Spectral Characteristics of the Dynamic World Land Cover Classification

Small, Christopher; Sousa, Daniel John

The Dynamic World product is a discrete land cover classification of Sentinel 2 reflectance imagery that is global in extent, retrospective to 2015, and updated continuously in near real time. The classifier is trained on a stratified random sample of 20,000 hand-labeled 5 × 5 km Sentinel 2 tiles spanning 14 biomes globally. Since the training data are based on visual interpretation of image composites by both expert and non-expert annotators, without explicit spectral properties specified in the class definitions, the spectral characteristics of the classes are not obvious. The objective of this study is to quantify the physical distinctions among the land cover classes by characterizing the spectral properties of the range of reflectance present within each of the Dynamic World classes over a variety of landscapes. This is achieved by comparing both the eight-class probability feature space (excluding snow) and the maximum probability class assignment (label) distributions to continuous land cover fraction estimates derived from a globally standardized spectral mixture model. Standardized substrate, vegetation, and dark (SVD) endmembers are used to unmix nine Sentinel 2 reflectance tiles from nine spectral diversity hotspots for comparison between the SVD land cover fraction continua and the Dynamic World class probability continua and class assignments. The variance partition for the class probability feature spaces indicates that eight of these nine hotspots are effectively five-dimensional to 95% of variance. Class probability feature spaces of the hotspots all show a tetrahedral form with probability continua spanning multiple classes. Comparison of SVD land cover fraction distributions with maximum probability class assignments (labels) and probability feature space distributions reveal a clear distinction between (1) physically and spectrally heterogeneous biomes characterized by continuous gradations in vegetation density, substrate albedo, and structural shadow fractions, and (2) more homogeneous biomes characterized by closed canopy vegetation (forest) or negligible vegetation cover (e.g., desert, water). Due to the ubiquity of spectrally heterogeneous biomes worldwide, the class probability feature space adds considerable value to the Dynamic World maximum probability class labels by offering users the opportunity to depict inherently gradational heterogeneous landscapes otherwise not generally offered with other discrete thematic classifications.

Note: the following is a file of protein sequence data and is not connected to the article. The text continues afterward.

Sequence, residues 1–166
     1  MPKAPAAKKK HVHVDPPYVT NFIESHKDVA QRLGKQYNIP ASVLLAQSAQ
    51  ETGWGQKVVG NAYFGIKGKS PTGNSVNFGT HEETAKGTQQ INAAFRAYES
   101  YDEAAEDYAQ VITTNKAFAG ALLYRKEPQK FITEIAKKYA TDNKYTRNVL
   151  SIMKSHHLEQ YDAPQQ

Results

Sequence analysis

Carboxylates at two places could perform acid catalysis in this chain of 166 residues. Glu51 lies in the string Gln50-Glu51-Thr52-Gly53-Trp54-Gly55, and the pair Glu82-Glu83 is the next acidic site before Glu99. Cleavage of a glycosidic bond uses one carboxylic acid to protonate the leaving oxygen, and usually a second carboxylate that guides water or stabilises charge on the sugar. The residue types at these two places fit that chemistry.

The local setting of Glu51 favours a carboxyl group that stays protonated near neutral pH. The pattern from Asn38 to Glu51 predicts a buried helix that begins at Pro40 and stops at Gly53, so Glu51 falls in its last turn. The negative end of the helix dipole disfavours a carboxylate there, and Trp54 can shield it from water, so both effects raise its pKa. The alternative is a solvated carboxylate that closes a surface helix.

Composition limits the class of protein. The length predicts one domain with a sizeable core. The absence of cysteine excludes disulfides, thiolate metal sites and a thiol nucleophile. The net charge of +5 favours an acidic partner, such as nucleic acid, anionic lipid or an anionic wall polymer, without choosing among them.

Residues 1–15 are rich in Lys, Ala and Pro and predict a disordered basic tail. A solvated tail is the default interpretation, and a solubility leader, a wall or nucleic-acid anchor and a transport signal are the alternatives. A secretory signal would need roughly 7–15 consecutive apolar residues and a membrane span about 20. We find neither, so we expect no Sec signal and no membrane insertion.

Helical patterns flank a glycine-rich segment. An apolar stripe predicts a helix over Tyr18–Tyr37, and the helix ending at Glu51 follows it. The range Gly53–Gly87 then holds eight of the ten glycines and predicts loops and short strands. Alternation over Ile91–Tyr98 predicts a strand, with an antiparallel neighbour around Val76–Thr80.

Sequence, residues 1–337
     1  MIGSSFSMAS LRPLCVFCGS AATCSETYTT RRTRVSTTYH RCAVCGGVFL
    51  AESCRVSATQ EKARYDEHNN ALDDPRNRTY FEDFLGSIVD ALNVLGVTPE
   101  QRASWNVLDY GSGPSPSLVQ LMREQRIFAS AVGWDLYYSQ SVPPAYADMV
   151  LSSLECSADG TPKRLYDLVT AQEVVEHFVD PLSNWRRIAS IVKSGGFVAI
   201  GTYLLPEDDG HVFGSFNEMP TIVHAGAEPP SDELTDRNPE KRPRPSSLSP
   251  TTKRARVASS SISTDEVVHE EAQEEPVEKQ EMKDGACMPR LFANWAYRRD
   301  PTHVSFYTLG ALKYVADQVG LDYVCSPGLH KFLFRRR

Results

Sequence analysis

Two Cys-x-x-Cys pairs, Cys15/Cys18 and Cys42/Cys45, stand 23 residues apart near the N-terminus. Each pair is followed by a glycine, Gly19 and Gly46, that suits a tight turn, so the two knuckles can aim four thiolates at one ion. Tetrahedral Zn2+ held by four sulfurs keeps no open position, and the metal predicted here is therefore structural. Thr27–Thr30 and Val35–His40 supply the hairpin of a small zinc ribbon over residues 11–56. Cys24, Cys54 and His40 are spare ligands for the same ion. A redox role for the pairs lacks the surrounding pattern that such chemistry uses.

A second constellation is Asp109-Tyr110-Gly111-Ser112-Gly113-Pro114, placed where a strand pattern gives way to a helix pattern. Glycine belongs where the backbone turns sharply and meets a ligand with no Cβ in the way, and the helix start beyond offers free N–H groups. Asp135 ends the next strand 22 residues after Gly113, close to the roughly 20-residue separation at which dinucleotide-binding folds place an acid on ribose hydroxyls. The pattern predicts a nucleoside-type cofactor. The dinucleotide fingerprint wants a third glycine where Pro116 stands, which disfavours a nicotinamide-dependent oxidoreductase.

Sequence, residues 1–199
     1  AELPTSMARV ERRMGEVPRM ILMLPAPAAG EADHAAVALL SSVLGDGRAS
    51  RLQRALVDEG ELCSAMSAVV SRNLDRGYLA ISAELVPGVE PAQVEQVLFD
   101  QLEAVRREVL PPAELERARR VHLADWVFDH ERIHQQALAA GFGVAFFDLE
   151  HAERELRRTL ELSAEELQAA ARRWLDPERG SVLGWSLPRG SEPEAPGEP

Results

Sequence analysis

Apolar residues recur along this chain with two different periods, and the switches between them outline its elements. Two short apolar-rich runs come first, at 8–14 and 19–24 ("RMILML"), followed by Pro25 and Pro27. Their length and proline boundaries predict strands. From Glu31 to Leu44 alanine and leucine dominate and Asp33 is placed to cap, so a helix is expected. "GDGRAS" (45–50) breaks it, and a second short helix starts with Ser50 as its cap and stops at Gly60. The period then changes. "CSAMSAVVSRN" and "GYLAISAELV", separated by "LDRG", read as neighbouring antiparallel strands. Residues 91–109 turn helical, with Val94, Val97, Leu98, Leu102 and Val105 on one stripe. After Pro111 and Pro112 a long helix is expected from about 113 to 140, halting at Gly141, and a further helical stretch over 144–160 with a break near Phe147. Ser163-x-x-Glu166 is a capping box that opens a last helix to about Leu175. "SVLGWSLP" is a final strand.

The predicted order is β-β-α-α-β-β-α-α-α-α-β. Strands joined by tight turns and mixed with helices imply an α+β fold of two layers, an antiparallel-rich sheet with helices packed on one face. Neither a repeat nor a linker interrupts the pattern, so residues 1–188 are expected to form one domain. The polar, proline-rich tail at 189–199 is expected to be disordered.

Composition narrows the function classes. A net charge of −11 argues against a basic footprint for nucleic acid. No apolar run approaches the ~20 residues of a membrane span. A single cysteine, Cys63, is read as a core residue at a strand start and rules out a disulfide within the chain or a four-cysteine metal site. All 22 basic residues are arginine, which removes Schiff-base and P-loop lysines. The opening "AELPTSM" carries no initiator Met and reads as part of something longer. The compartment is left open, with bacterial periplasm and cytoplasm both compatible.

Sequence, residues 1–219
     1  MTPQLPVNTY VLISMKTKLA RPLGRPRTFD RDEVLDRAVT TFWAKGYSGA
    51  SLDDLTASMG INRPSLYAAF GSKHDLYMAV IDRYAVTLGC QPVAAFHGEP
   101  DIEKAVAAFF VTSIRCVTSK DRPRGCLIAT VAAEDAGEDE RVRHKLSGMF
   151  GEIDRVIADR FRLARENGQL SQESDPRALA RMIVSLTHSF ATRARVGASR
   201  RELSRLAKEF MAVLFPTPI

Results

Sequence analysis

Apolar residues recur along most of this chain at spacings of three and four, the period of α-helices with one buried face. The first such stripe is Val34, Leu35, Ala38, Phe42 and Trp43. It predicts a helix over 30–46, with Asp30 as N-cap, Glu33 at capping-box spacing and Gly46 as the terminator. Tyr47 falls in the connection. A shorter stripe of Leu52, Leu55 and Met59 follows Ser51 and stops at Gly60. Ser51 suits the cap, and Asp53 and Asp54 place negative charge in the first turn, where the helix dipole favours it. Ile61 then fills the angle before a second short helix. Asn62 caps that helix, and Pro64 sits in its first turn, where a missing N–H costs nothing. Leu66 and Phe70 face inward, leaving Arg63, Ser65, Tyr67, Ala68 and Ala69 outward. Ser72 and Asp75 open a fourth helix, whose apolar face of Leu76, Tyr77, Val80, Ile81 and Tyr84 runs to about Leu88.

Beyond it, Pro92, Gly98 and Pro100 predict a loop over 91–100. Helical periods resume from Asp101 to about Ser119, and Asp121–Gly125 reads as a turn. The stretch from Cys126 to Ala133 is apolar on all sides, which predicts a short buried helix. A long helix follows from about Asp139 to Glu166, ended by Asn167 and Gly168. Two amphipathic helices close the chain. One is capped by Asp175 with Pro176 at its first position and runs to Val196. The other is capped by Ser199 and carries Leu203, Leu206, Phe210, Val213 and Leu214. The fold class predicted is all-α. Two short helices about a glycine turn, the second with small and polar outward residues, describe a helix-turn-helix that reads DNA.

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Remote Sensing

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Academic Units
Lamont-Doherty Earth Observatory
Marine Geology and Geophysics
Published Here
February 13, 2023